When evaluating results (especially on a net impact), be sure you are using rollout costs since the test cost per piece can be much higher. Also, there are different ways to approach testing depending on your budget and your hypothesis:

  • Low-Cost, High-Impact Testing: This is done within the same housing of the package and can be something as simple as a gift array test (if you are trying to drive up the average gift size). This is a low-cost to implement. If you hit and it works, you’ve essentially increased your average gift.
  • High-Cost, High-Impact Testing: This type of testing typically results in a breakthrough. It costs more, but the upside could be significant if and when you hit.

5. Target the Right Audience

The list you use — whether for direct mail, email, or social media targeting — will directly impact the success of your campaign. You might start by sending the same message to your entire list but then assess the responses and look for trends.

To save some time (and money), lean on what others have found about generational preferences. For instance, a study by the U.S. Postal Service showed that 75% of millennials said they feel special when they receive personal mail. This will allow you to do some segmenting from the beginning so you can focus on other variables.

6. Don’t Be Afraid to Lose

Keep in mind that not every test will be a winner. In fact, more often than not, the test loses against your tried-and-true control package. But testing is still worthwhile because, when you do find a winner, the positive impact on your program can be exponential. You may even be able to carry your findings across more than one campaign.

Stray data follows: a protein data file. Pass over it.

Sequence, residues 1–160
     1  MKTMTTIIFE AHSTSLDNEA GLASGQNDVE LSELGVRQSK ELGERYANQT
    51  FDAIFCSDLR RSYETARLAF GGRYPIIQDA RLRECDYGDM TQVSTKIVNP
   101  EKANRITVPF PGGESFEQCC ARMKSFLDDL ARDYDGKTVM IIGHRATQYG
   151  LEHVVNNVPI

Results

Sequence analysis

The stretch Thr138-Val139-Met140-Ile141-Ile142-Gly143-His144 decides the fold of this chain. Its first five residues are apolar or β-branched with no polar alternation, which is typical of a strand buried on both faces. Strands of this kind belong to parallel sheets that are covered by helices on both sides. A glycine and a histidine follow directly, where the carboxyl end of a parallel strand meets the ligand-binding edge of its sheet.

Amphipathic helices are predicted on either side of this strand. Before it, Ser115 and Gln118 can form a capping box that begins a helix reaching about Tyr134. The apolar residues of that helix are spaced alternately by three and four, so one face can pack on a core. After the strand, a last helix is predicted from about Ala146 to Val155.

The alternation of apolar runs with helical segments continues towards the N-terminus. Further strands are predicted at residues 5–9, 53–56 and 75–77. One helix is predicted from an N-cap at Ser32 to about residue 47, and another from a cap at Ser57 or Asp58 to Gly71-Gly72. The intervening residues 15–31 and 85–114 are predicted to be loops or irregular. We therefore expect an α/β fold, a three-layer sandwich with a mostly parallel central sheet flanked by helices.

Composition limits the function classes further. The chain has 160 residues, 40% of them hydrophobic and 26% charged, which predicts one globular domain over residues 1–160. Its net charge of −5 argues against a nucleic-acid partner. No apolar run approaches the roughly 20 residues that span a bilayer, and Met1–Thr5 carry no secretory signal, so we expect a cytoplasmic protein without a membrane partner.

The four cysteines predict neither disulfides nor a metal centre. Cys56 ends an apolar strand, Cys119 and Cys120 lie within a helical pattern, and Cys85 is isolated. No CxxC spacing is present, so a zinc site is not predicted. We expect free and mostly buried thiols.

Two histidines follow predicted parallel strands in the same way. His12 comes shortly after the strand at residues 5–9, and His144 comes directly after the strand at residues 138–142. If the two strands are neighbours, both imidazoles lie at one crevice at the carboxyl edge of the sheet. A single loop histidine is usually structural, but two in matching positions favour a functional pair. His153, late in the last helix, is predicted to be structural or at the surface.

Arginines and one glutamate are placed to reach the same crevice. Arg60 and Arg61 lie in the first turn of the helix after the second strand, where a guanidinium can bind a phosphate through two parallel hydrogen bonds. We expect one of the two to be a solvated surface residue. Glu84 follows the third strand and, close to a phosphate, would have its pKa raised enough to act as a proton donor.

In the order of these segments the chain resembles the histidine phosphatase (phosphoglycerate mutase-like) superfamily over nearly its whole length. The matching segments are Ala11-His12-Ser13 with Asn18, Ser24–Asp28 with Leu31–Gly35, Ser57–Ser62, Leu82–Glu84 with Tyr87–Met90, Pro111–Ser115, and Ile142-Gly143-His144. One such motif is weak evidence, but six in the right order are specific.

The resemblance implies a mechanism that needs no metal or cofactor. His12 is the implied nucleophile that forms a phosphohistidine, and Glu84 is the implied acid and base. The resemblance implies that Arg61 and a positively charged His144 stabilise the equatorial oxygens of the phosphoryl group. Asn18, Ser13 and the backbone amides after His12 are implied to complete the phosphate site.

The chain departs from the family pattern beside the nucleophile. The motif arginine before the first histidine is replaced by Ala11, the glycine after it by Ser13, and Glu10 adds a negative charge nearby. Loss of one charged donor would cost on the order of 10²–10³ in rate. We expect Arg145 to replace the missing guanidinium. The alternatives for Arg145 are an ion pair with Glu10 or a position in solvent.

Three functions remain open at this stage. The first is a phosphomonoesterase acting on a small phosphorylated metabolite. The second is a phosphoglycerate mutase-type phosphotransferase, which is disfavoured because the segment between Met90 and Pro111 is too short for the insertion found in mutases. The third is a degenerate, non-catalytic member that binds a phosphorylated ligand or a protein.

Direct Response Testing Samples

A National Disease Research Foundation Tests Urgency Language

With a goal in mind, our team tested the power of urgent language on carrier envelopes for a national disease research foundation. Our first appeal saw a 10.3% increase in response rate, and our second test saw an even greater improvement with a 20% increase. Personalization is important, but urgency can be a game-changer for fundraising success.

Test – Urgency language

A Faith-based Arts and Culture Organization Tests a Low-Dollar Ask Array

Working with a faith-based arts and culture organization, we tested a theory with a lower dollar ask array. Our test array consisted of $20, $30, $50, and an open-ended amount, while our control array was $20, $40, and $60. Despite the uncertain economic climate, we saw a significant 8% lift in response rate with the test array, and the average gift remained consistent. The results show that sometimes, asking for less can lead to more generosity.

A Regional Healthcare Network Tests Suggested Ask and Personalization

We tested our fundraising tactics for a regional healthcare network by experimenting with a circled mid-ask on an envelope and adding personalized name labels. The results were impressive, with a 50% increase in response rate, albeit with a small sample size. The average gift remained consistent at around $35 for the test and $39 for the control.

CHNF - Control
CHNF - Test